Man awarded £7 million damages for radiotherapy overdose
A High Court judge has approved settlement of the 40-year-old’s clinical negligence claim over treatment he received as a teenager.
A man left with a permanent brain injury after he was given double the intended dose of radiotherapy two decades ago is to receive a compensation package of £7 million in settlement of his clinical negligence claim.
A High Court judge in London heard on Monday that the man, who is now 40 and cannot be named for legal reasons, was 19 when he underwent surgery for a treatable brain tumour, and was referred to the Christie Hospital in Manchester for radiotherapy.
But he was given an overdose which has left him with problems with mobility, dexterity, vision, speech and memory.
Mr Justice Warby, who approved the settlement, described the damages claim as having a long and complex procedural history, paying tribute to the family’s “courage and resolve”, and their “dogged determination pursuing this case over so many years”.
During the hearing, Philip Havers QC, speaking on behalf of the Christie NHS Foundation Trust, publicly apologised to the man and his family for the “disastrous error” which had been made more than 20 years ago.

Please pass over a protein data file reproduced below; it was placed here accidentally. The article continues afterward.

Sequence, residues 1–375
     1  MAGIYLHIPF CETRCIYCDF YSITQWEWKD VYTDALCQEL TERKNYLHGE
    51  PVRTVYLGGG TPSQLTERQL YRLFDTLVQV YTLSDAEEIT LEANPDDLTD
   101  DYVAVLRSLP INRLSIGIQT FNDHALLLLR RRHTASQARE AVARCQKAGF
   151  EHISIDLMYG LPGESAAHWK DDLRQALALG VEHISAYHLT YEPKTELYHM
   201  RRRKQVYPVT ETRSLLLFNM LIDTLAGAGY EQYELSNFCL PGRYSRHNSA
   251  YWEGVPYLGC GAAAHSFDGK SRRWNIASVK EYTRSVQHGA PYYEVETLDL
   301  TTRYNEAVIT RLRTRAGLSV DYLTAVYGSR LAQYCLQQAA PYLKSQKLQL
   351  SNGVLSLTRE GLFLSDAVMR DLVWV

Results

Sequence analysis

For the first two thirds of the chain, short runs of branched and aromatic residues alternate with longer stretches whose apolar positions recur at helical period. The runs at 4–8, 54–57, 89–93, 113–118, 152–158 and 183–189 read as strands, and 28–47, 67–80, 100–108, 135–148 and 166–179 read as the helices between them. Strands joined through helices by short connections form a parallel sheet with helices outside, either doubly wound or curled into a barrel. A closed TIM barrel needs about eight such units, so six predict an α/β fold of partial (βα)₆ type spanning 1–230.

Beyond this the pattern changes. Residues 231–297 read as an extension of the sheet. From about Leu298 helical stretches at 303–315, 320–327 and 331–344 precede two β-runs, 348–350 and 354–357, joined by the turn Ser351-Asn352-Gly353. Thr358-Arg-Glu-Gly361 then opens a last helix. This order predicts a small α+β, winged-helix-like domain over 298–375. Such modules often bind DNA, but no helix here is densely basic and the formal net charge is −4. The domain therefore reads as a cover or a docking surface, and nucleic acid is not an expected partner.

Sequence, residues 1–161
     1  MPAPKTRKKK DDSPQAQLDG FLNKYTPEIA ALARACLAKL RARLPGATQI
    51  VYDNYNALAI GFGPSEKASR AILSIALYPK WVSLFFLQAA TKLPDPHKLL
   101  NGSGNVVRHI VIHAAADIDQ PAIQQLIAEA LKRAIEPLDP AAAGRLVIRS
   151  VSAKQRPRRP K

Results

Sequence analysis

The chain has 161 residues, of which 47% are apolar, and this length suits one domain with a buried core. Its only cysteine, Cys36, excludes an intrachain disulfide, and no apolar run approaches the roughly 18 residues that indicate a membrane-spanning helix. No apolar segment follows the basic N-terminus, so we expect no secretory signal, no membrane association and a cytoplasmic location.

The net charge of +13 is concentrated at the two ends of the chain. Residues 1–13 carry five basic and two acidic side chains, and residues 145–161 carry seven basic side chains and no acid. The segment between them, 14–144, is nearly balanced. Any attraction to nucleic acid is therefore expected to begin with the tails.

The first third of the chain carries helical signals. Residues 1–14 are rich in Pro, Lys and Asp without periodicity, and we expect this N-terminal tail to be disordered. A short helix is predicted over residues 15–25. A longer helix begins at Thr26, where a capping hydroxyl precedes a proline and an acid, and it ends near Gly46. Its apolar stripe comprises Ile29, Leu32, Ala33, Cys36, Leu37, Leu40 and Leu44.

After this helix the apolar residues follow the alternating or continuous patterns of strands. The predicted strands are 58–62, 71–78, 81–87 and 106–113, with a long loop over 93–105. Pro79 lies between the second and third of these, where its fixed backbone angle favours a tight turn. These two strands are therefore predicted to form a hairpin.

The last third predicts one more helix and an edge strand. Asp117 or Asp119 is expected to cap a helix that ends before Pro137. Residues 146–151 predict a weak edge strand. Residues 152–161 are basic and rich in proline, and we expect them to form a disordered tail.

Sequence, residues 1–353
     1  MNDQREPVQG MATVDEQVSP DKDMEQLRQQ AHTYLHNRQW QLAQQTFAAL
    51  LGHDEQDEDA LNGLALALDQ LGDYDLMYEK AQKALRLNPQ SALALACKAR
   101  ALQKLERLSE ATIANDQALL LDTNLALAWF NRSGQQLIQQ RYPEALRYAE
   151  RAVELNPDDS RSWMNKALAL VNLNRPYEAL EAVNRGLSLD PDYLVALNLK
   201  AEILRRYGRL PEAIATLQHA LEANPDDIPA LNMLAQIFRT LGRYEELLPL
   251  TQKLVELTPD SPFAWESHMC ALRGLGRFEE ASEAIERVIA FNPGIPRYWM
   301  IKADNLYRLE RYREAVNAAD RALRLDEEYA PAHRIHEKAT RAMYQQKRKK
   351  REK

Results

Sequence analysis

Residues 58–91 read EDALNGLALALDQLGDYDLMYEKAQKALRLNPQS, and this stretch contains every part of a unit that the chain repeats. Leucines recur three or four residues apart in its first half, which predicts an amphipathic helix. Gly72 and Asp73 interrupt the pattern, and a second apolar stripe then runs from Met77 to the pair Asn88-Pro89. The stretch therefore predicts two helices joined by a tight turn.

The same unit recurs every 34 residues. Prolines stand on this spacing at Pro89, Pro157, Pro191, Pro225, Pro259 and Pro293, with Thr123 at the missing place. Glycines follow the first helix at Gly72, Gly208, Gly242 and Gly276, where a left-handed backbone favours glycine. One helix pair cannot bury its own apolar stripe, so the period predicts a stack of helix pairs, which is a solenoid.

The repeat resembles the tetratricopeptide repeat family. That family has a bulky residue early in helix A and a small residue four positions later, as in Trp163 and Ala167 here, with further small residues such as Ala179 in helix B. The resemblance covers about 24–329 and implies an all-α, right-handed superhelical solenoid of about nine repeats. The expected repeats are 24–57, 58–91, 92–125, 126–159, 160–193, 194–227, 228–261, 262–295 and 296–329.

He told the court that the radiotherapy department “now employs some of the most sophisticated checking systems available to ensure that this type of error could never happen again”.
Melissa Gardner, a partner and medical negligence specialist at Manchester-based JMW Solicitors, said after the hearing: “The mistakes made by the hospital have had life-changing consequences for the man and his family.”
The family had “fought extremely hard to secure compensation for their son”, and should be “commended for their care and perseverance”.
In a statement, the family, who attended the hearing, said JMW “took on this case when others would not, and thanks to their team they have helped secure our son’s future after this terrible mistake”.
They said: “No amount of money can ever replace the life he has lost, but it can and will secure his future.”
They added: “It is hoped that the NHS have learned lessons so that this tragic event cannot happen again and ruin some other young person’s life.”